Megaupload Takedown Didn't Impact Piracy At All

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Clearly, the lessons that Napster offered about piracy all those years ago have yet to sink in with the authorities that are trying to "clean up" the Internet.

According to a study conducted by DeepField Networks, as pointed out by, while the Megaupload takedown did have an impact on global web traffic, it did little-to-nothing to stem file-sharing traffic, web traffic that's often looked at as the acts of copyrighted content pirates.

DeepField's study is revealing on a number of levels, including explaining the amount of web traffic Megaupload accounted for:

As the largest file sharing service on the Internet, MegaUpload downloads represented 30-40% of all file sharing. In the space of an hour, Internet traffic globally plummeted by an astounding 2-3%. Press releases heralded a major blow to the theft of intellectual property.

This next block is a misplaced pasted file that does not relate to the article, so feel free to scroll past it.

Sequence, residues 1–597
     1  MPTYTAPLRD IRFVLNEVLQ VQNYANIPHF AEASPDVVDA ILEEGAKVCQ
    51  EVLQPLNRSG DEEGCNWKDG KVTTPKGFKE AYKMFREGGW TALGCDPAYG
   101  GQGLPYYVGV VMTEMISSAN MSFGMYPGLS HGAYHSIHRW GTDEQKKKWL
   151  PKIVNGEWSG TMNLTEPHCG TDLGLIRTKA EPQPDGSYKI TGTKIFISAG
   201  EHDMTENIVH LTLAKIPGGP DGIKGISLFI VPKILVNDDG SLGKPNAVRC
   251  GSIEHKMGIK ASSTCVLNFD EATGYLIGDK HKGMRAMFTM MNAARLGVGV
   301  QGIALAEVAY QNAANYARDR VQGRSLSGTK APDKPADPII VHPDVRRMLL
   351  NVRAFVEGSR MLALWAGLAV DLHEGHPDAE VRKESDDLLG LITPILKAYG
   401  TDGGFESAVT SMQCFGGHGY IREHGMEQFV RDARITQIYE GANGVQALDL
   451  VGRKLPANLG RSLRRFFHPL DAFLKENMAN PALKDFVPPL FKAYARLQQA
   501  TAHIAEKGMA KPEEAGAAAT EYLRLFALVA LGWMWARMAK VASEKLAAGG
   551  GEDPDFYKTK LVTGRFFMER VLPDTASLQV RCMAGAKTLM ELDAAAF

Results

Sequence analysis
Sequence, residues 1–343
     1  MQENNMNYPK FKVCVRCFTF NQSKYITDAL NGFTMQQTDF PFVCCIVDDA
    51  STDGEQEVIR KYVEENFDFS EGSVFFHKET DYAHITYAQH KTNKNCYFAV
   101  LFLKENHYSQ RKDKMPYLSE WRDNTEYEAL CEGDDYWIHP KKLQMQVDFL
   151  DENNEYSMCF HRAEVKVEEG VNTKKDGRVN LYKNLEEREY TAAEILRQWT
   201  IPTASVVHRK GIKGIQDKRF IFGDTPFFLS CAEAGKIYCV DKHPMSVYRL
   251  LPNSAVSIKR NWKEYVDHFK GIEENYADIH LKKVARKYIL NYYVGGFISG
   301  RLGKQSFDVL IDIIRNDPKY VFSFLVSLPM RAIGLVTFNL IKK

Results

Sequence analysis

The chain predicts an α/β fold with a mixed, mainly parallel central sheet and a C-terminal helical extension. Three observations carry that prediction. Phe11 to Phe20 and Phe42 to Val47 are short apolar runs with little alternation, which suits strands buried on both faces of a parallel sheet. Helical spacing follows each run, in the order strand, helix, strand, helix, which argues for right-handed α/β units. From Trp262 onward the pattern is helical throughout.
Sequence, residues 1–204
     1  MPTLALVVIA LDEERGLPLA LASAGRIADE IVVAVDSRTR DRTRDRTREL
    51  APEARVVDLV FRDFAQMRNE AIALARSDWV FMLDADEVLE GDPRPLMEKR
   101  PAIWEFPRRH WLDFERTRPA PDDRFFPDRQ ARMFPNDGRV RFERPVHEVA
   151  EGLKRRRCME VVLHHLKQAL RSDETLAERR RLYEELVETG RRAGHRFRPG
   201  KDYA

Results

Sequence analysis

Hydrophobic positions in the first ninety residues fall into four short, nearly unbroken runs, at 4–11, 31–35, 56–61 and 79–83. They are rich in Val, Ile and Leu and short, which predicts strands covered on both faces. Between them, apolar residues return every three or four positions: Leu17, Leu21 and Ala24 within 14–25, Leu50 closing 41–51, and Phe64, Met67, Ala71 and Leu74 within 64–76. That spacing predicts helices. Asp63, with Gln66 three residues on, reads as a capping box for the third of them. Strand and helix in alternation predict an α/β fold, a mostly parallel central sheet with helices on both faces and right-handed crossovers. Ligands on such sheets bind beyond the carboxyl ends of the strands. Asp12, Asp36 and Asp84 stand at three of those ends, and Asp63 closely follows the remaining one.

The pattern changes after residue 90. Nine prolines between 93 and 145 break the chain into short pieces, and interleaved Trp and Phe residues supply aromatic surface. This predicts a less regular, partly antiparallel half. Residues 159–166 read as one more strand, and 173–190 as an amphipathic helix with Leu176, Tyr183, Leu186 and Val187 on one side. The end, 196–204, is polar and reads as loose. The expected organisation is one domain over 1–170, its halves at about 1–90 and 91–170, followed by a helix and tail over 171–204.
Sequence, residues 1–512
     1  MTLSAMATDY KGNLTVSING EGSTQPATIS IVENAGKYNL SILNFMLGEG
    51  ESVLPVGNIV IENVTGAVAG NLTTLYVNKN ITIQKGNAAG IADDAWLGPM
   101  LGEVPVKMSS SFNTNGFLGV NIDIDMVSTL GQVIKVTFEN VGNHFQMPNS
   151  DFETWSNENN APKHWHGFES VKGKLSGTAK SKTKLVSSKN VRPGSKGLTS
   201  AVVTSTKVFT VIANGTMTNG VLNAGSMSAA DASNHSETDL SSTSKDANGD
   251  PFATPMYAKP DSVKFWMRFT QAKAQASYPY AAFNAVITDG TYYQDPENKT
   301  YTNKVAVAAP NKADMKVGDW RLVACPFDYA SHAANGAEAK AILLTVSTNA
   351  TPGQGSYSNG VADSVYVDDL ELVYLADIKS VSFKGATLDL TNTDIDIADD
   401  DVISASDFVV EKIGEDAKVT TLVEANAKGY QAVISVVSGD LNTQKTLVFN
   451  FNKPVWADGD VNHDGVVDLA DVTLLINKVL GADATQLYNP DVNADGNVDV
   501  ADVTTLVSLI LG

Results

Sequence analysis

That being said, whatever chilling effect the Megaupload takedown had was only temporary, if at all:

The main impact of the MegaUpload takedown?

Well, file sharing has not gone away. It did not even decrease much in North America.

Mainly, file sharing became staggeringly less efficient. Instead of terabytes of North America MegaUpload traffic going to US servers, most file sharing traffic now comes from Europe over far more expensive transatlantic links.

So that's why Lamar Smith was so adamant about SOPA only targeting foreign sites. Clearly, he knew the Megaupload takedown was coming, and as a result, foreign web entities would fill the hole -- almost immediately -- that a seized Megaupload left behind.

DeepField also offers graphics to back up their findings:



Of course, as indicated earlier, these are lessons we've already learned when Napster was shut down. What happened then continues to be the case, as Napster clones popped up here, there, and everywhere.

Remember eMule and Kazaa?

Did the law enforcement agencies -- backed by politicians who have been bought and paid for by the entertainment industry -- actually think this would stem the piracy tide they are trying so hard to fight? Or was this a case similar to the drug busts of old? Something like what the Christian Science Monitor pointed out while reporting on a drug raid in Mexico:

Mexico seizes 105 tons of marijuana in Tijuana. Does it matter?

Considering DeepField's findings, this kind of headline easily fits the Megaupload takedown and the overall impact it had on file-sharing piracy.

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